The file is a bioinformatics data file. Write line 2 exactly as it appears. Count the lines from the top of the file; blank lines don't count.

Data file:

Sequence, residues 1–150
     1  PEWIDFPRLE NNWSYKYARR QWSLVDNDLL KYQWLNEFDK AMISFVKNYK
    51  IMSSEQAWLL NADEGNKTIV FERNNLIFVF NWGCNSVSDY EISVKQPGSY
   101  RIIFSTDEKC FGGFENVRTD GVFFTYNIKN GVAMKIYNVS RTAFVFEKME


     1  PEWIDFPRLE NNWSYKYARR QWSLVDNDLL KYQWLNEFDK AMISFVKNYK